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Author:Coibion, Olivier 

Working Paper
Does Greater Inequality Lead to More Household Borrowing? New Evidence from Household Data

One suggested hypothesis for the dramatic rise in household borrowing that preceded the financial crisis is that low-income households increased their demand for credit to finance higher consumption expenditures in order to "keep up" with higher-income households. Using household level data on debt accumulation during 2001-2012, we show that low-income households in high-inequality regions accumulated less debt relative to income than their counterparts in lower-inequality regions, which negates the hypothesis. We argue instead that these patterns are consistent with supply-side ...
Working Paper , Paper 14-1

Working Paper
Does Greater Inequality Lead to More Household Borrowing? New Evidence from Household Data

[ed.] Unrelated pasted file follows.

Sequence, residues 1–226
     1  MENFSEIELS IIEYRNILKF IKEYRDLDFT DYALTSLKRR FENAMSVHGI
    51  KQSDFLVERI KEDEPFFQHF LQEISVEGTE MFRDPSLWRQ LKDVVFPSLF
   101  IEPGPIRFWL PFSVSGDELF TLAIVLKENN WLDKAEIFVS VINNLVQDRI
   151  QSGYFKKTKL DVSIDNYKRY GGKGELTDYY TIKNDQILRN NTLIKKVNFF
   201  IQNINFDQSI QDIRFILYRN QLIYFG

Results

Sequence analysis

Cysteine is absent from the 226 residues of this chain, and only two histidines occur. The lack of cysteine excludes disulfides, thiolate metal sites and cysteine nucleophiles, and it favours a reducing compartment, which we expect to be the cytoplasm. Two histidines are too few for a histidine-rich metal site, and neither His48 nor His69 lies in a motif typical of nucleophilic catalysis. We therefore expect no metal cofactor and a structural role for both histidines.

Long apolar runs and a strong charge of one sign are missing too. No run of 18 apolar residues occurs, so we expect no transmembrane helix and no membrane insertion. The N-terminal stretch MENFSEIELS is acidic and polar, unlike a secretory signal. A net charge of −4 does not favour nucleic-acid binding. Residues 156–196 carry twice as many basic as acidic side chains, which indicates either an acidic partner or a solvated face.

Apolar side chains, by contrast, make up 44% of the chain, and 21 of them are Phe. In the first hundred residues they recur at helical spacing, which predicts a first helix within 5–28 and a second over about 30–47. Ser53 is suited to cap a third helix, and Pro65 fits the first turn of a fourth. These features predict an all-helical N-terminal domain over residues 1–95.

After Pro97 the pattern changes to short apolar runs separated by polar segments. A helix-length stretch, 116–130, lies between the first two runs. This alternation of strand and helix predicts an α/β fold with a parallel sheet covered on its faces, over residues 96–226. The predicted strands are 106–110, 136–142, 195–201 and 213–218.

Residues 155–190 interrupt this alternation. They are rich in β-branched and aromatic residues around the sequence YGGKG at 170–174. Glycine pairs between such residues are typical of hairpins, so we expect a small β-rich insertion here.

Using household-level debt data over 2000-2012 and local variation in inequality, we show that low-income households in high-inequality regions (zip-codes, counties, states) accumulated less debt (relative to their income) than low-income households in lower-inequality regions, contrary to the prevailing view. Furthermore, the price of credit is higher and access to credit is harder for low-income households in high-inequality versus low-inequality regions. Lower quantities combined with higher prices suggest that the debt accumulation pattern by household income across areas with different ...
Working Paper Series , Paper 2016-20

Working Paper
Average Inflation Targeting and Household Expectations

Using a daily survey of U.S. households, we study how the Federal Reserve’s announcement of its new strategy of average inflation targeting affected households’ expectations. Starting with the day of the announcement, there is a very small uptick in the minority of households reporting that they had heard news about monetary policy relative to prior to the announcement, but this effect fades within a few days. Those hearing news about the announcement do not seem to have understood the announcement: they are no more likely to correctly identify the Fed’s new strategy than others, nor ...
Working Papers , Paper 202026

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